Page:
I have been using the PowerVault MD1000 in my lab for just over two years now, and I have one important piece of advice for anyone considering it.
Released over a decade ago in 2006, the Dell PowerVault MD1000 is an incredibly simple to use direct attached storage (DAS) array supporting up to 15 SAS or SATA hard disks. While the MD1000 is of course not the most energy efficient system of its type on the market, it can often be found for under $150 (including shipping) on eBay making it great for home labbers and anyone else looking for some serious storage capacity at home. In my MD1000, I have a six 2 TB drive RAID5 array, and a two 2 TB drive RAID1 array. I have plans to make some changes to this over the next year or so, including adding a six 2 TB drive RAID6 array. It should be noted that running the MD1000 with a PERC6/e only allows you to use 2 TB hard disks, which may be a deal breaker for some. I have read that other RAID cards support bigger drives in the MD1000, so do your research.
Jon Kensy did an excellent comparison of running your own backup and storage system to using a cloud system in this article.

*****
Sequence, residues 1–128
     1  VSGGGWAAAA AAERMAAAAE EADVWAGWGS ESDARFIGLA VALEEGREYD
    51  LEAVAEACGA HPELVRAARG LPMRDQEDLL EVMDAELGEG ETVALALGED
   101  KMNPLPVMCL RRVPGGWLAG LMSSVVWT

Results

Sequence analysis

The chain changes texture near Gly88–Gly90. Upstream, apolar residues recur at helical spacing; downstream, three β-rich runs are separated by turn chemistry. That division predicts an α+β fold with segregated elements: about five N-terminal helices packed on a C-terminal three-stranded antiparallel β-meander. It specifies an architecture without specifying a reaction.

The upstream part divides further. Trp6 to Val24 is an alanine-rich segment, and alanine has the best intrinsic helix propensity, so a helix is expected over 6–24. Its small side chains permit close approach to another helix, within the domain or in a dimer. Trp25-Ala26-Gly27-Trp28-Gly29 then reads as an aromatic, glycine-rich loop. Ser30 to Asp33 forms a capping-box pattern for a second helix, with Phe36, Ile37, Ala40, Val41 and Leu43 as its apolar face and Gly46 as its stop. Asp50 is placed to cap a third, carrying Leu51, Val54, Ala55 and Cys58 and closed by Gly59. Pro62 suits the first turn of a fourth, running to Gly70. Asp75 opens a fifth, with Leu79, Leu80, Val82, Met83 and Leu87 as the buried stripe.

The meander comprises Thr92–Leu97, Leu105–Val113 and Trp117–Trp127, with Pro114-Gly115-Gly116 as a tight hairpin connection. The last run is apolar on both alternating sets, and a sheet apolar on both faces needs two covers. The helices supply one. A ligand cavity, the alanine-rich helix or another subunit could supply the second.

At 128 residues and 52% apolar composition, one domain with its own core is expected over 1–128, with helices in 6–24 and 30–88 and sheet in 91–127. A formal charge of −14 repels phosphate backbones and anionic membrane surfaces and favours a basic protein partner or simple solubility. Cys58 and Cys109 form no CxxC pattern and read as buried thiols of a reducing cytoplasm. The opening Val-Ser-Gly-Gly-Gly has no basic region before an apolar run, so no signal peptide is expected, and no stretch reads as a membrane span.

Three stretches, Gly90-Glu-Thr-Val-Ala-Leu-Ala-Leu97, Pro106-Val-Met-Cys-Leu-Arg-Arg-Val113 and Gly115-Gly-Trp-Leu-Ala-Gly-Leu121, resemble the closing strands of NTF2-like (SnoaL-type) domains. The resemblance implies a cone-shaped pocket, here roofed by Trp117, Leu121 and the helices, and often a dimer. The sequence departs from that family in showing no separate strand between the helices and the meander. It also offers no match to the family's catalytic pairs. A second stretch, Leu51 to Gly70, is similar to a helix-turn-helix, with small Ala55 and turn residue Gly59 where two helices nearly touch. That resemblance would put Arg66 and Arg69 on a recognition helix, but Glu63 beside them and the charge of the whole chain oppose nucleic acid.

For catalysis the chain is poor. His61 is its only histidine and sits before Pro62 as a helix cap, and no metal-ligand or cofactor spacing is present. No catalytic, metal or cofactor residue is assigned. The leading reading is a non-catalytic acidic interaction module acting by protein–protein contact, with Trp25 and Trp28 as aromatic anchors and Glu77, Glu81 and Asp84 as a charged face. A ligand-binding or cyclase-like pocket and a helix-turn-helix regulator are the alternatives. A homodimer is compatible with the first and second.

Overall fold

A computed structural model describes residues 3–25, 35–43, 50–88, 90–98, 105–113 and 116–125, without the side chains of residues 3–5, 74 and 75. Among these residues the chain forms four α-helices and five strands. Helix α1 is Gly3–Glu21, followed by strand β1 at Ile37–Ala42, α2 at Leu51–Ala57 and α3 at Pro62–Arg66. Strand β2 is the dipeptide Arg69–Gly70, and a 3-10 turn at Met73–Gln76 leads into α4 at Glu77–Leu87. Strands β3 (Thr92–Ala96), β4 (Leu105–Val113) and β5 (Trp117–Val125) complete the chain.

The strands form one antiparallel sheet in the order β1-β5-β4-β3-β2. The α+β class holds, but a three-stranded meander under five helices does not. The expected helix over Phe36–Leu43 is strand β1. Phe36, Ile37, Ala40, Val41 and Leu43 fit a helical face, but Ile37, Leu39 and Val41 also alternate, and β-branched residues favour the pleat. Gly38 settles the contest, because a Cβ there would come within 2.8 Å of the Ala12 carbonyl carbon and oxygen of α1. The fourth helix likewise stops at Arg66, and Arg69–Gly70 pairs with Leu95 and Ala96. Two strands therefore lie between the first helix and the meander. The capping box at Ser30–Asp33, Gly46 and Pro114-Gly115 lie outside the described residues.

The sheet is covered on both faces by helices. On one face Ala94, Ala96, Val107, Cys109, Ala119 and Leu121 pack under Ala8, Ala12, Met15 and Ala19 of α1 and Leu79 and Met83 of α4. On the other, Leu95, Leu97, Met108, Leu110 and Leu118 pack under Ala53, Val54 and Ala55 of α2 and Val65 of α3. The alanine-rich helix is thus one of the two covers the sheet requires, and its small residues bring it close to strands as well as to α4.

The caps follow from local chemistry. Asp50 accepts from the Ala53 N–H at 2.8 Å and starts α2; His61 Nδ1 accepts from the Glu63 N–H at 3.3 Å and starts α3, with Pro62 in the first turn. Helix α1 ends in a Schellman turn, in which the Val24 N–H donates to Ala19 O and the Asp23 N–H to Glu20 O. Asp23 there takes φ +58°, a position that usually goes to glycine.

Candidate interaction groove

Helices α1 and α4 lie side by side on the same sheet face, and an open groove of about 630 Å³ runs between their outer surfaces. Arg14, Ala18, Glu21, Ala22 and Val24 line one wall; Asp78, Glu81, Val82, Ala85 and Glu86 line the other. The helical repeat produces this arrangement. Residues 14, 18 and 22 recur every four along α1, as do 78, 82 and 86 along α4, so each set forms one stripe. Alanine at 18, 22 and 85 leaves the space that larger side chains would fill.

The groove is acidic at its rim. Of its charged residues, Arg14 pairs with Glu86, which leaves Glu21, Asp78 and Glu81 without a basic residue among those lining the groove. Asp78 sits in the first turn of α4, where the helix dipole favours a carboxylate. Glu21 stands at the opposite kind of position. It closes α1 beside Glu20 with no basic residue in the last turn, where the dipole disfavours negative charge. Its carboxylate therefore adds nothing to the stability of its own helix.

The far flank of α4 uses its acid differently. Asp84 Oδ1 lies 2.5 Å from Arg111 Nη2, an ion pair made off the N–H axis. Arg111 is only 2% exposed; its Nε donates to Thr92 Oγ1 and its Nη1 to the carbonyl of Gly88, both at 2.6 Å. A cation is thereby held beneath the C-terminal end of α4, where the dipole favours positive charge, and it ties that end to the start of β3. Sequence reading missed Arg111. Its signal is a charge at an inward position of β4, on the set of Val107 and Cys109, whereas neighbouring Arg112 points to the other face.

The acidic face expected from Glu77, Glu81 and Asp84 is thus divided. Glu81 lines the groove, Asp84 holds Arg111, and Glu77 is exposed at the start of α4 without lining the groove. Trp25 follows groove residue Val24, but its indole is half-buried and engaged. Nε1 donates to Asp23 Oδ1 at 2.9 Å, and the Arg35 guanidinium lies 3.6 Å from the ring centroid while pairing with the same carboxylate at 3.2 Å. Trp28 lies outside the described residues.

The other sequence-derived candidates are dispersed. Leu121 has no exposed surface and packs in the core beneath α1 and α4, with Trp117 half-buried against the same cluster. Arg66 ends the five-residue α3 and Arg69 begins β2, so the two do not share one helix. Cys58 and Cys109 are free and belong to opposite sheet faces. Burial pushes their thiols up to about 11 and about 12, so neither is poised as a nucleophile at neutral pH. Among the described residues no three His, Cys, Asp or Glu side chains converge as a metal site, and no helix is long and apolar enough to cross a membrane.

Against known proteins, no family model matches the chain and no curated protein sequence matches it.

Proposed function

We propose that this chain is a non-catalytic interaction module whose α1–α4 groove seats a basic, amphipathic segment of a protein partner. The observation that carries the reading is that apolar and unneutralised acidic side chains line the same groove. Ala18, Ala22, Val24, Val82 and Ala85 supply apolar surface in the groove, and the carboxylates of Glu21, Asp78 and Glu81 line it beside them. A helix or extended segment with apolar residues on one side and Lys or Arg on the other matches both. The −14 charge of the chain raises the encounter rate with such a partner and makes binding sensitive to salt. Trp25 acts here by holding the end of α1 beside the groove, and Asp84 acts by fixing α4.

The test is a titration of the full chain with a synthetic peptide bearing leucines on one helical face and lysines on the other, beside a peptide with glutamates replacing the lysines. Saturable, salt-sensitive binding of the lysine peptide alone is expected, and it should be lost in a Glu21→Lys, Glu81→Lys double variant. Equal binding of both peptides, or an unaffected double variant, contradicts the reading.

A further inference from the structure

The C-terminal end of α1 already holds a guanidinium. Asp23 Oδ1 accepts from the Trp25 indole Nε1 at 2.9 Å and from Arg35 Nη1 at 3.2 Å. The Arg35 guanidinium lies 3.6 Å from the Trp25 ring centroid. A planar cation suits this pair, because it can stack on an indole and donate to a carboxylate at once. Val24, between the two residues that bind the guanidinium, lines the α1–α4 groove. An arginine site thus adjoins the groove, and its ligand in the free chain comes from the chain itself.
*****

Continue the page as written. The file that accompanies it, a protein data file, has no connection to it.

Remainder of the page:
The most important piece of advice I have for someone using the MD1000 is to connect both EMMs to your host server. This allows for fail over between the two EMMs. If one goes down, the other will take over immediately, and you don’t even have to configure anything. I love my PowerVault, but I have had issues with both of the EMMs that it came with. The first one started to have issues about a year after I bought it, and the second one is just starting to have issues now. What happens is that the EMM suffers some problem that causes it to lose its connection to the RAID card. That causes whatever applications that utilize the PowerVault’s storage to fail, and the PowerVault to shutdown because it is no longer connected to a host. Once this happens, the only way to bring the system back up is to issue a restart of the host server (can be done remotely), and a restart of the MD1000. (Must be done with the power switches on the back, and this is really not convenient when the system is remote.) The EMMs can be hot swapped, so if you use Dell OMSA to monitor for hardware issues, you can get a notification when one has an error. This way you can run mission critical applications from the PowerVault and not have uptime issues doe to EMM failures.